US attorney-general authorizes probes into possible election fraud

US attorney-general authorizes probes into possible election fraud

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Biden campaign describes William Barr’s action as a ‘clumsy’ and ‘cynical’ partisan move.

William Barr, the US attorney-general appointed by Donald Trump, on Monday authorized prosecutors to investigate possible instances of electoral fraud in this year’s presidential poll, a break from past practice that delayed such probes until after an election was settled.

The move, made in a memo issued to US attorneys across the country, came as Mr Trump continued to make claims without evidence of fraud in the victory of his Democratic rival, Joe Biden.

William Barr, centre, acted on Monday after meeting with Senate Republican leader Mitch McConnell © Bloomberg

Mr. Trump has refused to concede to Mr. Biden, instead of filing lawsuits that have been received skeptically by the courts. The Trump campaign on Monday filed a new case in Pennsylvania. Mr. Barr authorized prosecutors to investigate “clear and apparently-credible allegations of irregularities that, if true, could potentially impact the outcome of a federal election in an individual state”.

He added: “Nothing here should be taken as an indication that the department has concluded that voting irregularities have impacted the outcome of any election.”

Justice department practice in the past has been to wait until election results have been certified and the election settled before pushing forward with such investigations. Mr Barr’s memo permits prosecutors to take overt steps to investigate claims of possible fraud, and notes that he has already authorised certain probes relating to the 2020 election.

Mr. Barr has proven to be among Mr. Trump’s most stalwart allies in a cabinet characterized by a frequent personnel turnover. In recent months, the attorney-general has echoed the president’s messaging about the risks of voting by mail, claiming without evidence that it could open the door to a flood of ballots sent from overseas. 

Those fears proved to be unfounded. There has been little evidence of significant voter fraud in this year’s election or to support Mr. Trump’s allegations of a vast conspiracy to steal the election from him. “It is deeply unfortunate that the attorney-general Barr chose to issue a memorandum that will only fuel the ‘specious, speculative, fanciful or far-fetched claims’ he professes to guard against,” said Bob Bauer, a senior legal adviser to Mr. Biden’s campaign. “But, in the end, American democracy is stronger than any clumsy and cynical partisan political scheme.

Joe Biden, who won the presidency with more votes than any president-elect in American history, will take the oath of office on January 20, 2021.”

Mr. Trump on Monday evening shared a report about the attorney general’s action with his almost 89m Twitter followers, adding no comment to his post. The memo triggered the resignation of the official who oversaw voter fraud prosecutions through the justice department’s election crimes branch, according to The New York Times. The official, Richard Pilger, is a longtime career prosecutor who was director of the branch since 2010. In response to an email seeking comment,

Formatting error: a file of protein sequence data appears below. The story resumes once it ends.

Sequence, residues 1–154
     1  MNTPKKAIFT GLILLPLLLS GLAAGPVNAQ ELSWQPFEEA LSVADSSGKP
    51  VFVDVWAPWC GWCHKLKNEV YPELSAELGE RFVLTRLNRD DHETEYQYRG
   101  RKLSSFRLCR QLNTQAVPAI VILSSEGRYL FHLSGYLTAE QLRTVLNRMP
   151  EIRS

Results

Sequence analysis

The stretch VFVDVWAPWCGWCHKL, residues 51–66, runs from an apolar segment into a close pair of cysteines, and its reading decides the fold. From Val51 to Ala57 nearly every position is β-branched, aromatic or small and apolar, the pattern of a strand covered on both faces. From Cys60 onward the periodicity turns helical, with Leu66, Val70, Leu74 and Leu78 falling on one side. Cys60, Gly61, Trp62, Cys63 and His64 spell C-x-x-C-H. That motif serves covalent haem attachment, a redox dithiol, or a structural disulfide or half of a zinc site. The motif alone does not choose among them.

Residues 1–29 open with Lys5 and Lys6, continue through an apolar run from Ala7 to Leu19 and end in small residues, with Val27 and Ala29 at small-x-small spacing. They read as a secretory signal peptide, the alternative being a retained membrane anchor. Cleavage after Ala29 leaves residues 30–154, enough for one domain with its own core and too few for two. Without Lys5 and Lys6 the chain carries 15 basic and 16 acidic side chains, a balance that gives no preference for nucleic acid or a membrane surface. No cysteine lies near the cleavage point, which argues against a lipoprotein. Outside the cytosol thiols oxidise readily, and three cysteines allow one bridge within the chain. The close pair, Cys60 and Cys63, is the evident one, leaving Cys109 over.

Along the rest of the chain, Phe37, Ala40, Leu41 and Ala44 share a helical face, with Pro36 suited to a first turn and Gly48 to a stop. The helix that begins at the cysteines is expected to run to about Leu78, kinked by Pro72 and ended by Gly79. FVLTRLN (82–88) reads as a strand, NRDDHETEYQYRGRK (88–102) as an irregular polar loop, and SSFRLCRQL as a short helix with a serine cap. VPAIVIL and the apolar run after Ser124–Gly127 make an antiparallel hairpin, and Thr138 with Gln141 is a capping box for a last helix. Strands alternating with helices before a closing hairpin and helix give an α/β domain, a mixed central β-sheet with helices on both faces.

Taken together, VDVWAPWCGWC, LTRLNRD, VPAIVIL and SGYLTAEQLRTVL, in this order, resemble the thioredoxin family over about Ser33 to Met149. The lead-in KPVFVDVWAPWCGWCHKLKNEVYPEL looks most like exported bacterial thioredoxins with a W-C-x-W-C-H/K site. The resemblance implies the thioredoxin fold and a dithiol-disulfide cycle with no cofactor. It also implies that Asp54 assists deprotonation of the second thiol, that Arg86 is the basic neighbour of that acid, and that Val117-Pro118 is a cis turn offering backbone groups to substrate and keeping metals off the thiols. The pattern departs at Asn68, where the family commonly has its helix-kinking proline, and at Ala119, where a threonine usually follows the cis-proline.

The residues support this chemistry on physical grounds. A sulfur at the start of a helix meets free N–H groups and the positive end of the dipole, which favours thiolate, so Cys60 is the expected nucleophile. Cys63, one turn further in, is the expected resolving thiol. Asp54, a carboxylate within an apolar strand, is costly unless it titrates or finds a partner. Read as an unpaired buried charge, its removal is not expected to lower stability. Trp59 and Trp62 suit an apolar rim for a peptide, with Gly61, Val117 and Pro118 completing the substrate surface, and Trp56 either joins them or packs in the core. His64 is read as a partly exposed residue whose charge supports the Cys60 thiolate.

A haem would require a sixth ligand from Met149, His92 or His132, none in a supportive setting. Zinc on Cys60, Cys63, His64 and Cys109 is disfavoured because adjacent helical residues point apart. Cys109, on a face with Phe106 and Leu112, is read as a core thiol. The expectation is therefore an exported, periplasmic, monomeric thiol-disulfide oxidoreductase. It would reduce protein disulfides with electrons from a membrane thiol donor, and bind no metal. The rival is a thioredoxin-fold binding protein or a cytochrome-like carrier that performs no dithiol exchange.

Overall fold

Mr Pilger’s inbox issued an automatic response confirming that he had resigned as director of the branch but remained at the justice department in a non-supervisory role. A spokeswoman for the justice department did not immediately return a request for comment on his resignation.

Mr Barr’s memo followed a meeting earlier on Monday with Mitch McConnell, the Republican Senate majority leader. Mr McConnell, like Mr Trump, has refused to acknowledge Mr Biden’s election victory, saying on the Senate floor that the president was “100 per cent within his rights to look into allegations of irregularities and weigh his legal options”.

Mr. Biden was projected the winner on Saturday by US media organizations, including Fox News, which has historically supported the Trump administration. Though vote-counting remains ongoing, Mr. Biden has a significant lead in several swing states that would ensure his victory, including in Pennsylvania, where he leads by a little over 45,000 votes, more than Mr. Trump’s margin of victory in the state in 2016. So far, most of Mr. Trump’s legal challenges have been rejected by the courts for lack of evidence to support his campaign’s claims of election irregularities.

Mr. Trump has had legal success on relatively minor issues, such as how close Republican election observers could stand to poll workers counting ballots. The ongoing litigation has forestalled the transition process, a formal exercise in which an incoming administration sends teams into government agencies to ensure a smooth handover of power in January.

The General Services Administration, an agency that oversees transitions and is run by a Trump appointee, has so far declined to allow the process to begin. The Biden transition team has called on the GSA to “promptly” ascertain Mr. Biden as the winner of the election, now that the race had been “independently called for Joe Biden”.